How not to get scammed buying cannabis

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Be careful when purchasing products reportedly containing CBD

Cannabidiol (CBD) has been one of the most popular cannabis buzzwords for the past year, and with good reason. It has a tremendous amount of medical benefits and can also help with general wellbeing. As is the case with anything, though, there will always be those who try to scam the general public and it’s important to protect yourself at all times, even with CBD.

There are probably close to a million different CBD products available today that didn’t exist a year ago. CBD cookies, CBD face masks, tinctures, cocktails – the list goes on. While there has been a lot of evidence supporting its benefits, physician Peter Grinspoon points out, “The enthusiasm for CBD has outpaced the hardcore scientific evidence in humans.”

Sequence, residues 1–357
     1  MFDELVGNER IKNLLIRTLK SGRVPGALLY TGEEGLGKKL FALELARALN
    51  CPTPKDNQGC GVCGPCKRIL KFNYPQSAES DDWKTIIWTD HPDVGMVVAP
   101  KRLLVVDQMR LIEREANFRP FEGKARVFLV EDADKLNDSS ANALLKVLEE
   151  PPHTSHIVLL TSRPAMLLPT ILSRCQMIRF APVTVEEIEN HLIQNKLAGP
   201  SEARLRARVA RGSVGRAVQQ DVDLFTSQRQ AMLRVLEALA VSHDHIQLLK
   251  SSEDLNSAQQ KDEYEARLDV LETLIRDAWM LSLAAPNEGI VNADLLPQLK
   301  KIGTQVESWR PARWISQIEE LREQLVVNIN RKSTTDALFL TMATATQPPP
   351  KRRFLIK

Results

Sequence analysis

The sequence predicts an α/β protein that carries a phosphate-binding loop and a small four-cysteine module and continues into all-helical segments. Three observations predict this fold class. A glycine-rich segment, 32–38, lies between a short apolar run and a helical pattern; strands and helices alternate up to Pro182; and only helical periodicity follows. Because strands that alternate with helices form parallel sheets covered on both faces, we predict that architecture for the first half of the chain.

However, even as more evidence is being uncovered, the World Health Organization has already given its approval to CBD. It states that CBD does not “appear to have abuse potential or cause harm.”

When shopping for CBD products, start by reading the label. It should list the exact amount of CBD and should also include a breakdown of all other ingredients. If these are not listed, walk away. Also look for products that have been verified through private labs in order to ensure they’re safe. This information is sometimes found on the label, but can also be determined by visiting the manufacturer’s website, as well as the local government’s cannabis website, in some instances.

If you’re in a dispensary making a purchase, don’t be afraid to ask. The people serving the products should know what they contain; if they don’t, find a new establishment.

How to consume – capsules, softgels, tinctures, etc. – is a little more complicated to recommend, as this is more of a personal preference. However, talk it over with the local budtender at the dispensary to get the best possible information.